The one time when the voltage difference of the two is important would be in the case of a device that checks the voltage of a battery to estimate the amount of charge left on the battery. Because the voltage of an alkaline battery drops at a very predictable rate it's possible to estimate the amount of capacity left in an alkaline battery based solely on its voltage. (1.5 volts - fully charged, 1.25 volts - 50% charged, 1.0 volts - almost fully discharged). But a NiMH (or NiCd) battery stays at about 1.2 volts until it is nearly completely discharged. This makes it almost impossible to know the amount of capacity left based on its voltage alone. When a device that's using NiMH batteries indicates the battery is low, it's time to change the batteries now!
Answering this question is a sure way to start a flame war on the internet. The simple answer is: Technically speaking NiCd batteries do not have a memory effect. However, they do suffer from a voltage depletion or voltage depression phenomenon that most people call the memory effect. So practically speaking, NiCd batteries do suffer from a memory effect, even if it is not technically correct to call it that. There is a lot of disagreement in the battery industry over what actually causes voltage depression. The phenomenon itself is very real. If a NiCd battery is repeatedly charged after it has only been partially discharged it will develop a lower voltage and a lower capacity. Fortunately, this effect is reversible by conditioning NiCds. Conditioning is simply fully discharging the battery (down to about 1.0 V per cell) after charging it. If a full discharge followed by a charge cycle is done several times, a battery suffering from voltage depletion (voltage depression, memory effect, or whatever you would like to call it) should be restored back to its normal voltage and capacity.
If you use NiCd batteries you should be aware that most of the problems experienced by NiCd battery users are not due to a "memory effect" but are due to overcharging or improper storage. Overcharging is usually caused by poorly designed first generation battery chargers. These chargers continue to deliver current to the batteries even after the batteries are full charged. "5- hour" and "8-hour" timer type chargers can damage NiCd or NiMH batteries if they are frequently used to charge batteries that are only partially discharged.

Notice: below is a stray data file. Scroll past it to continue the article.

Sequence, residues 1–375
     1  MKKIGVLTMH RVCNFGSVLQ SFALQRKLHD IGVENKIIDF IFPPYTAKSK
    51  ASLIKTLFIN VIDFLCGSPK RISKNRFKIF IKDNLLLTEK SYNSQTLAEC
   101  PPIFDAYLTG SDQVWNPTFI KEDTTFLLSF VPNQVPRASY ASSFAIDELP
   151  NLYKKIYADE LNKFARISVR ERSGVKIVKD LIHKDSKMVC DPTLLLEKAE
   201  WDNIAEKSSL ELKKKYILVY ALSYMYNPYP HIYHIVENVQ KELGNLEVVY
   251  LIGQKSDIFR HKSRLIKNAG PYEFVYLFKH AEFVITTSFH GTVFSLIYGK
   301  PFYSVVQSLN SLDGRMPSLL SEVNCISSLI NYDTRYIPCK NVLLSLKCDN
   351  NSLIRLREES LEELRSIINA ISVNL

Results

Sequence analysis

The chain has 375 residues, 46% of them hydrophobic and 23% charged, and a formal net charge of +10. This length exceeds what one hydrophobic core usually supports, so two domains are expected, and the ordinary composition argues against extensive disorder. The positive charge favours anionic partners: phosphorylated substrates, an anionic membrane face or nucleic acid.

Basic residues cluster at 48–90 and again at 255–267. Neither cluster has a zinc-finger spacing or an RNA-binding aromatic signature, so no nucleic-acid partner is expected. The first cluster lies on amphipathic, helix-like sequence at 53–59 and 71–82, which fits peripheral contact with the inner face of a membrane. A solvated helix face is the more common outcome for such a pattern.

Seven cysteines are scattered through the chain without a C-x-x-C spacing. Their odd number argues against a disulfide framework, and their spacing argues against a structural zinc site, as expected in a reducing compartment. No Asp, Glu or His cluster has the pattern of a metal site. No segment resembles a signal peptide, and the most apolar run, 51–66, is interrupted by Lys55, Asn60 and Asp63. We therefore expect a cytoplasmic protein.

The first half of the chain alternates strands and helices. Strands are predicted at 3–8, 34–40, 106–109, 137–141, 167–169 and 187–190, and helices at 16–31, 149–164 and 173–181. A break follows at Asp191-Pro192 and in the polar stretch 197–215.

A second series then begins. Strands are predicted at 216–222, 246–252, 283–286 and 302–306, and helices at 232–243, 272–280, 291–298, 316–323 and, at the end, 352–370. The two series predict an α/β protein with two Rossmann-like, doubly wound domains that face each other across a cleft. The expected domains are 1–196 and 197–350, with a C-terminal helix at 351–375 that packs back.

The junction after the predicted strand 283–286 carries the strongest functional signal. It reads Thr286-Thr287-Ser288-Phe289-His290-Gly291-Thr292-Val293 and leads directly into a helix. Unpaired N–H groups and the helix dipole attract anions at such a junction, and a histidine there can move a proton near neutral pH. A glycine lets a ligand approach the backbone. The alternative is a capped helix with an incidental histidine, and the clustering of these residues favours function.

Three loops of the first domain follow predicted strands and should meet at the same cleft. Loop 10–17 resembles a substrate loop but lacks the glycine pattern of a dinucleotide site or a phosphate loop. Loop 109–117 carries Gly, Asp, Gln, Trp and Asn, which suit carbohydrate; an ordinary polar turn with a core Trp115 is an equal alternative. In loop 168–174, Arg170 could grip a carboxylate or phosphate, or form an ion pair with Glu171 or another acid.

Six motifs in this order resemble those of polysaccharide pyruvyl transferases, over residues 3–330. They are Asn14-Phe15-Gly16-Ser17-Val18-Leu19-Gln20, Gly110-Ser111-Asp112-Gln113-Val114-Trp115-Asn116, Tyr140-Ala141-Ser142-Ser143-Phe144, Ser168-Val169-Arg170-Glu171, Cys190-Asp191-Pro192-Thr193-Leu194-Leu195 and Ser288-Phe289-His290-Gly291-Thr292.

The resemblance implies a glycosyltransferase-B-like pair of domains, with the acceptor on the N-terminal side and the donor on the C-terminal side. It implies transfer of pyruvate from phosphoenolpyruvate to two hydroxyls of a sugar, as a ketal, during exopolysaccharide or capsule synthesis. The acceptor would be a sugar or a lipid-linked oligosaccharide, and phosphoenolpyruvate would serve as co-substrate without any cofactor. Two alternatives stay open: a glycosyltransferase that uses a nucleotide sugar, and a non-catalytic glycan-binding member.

The other common cause of damage to NiCd and NiMH batteries is leaving them in a device like a flashlight left "ON" after the battery has run down. Electronic devices normally switch themselves off once the battery is discharged. But other devices like flashlights, cassette players, and many toys, will continue to put a small load (drain) on a battery even after the battery is run down. Eventually (after a few weeks) this drain on a discharged battery will cause the polarity of the battery to reverse (the plus end actually becomes minus and vice versa). Once this happens the battery will not take a charge again. Battery makers recommend that rechargeable batteries be removed from any devices that will not be used for several weeks or longer.
The big difference between voltage depletion, the so called "memory effect" and damage caused by overcharging or improper storage, is that reduced capacity due to overcharging is not reversible.
Technically, NiMH batteries do not have a "memory effect", but strictly speaking neither do NiCds. However NiMH batteries can experience voltage depletion, also called voltage depression, similar to that of NiCd batteries, but the effect is normally less noticeable. To completely eliminate the possibility of NiMH batteries suffering any voltage depletion effect manufacturers recommend an occasional, complete discharge of NiMH batteries followed by a full recharge. NiMH batteries can also be damaged by overcharge and improper storage (see the NiCd section immediately above this one). Most users of NiMH batteries don't have to be concerned with this voltage depletion effect. But if you use a device say a flashlight, radio, or digital camera for only a short time every day and then charge the batteries every night, you will need to let the NiMH (or NiCd) batteries run down occasionally.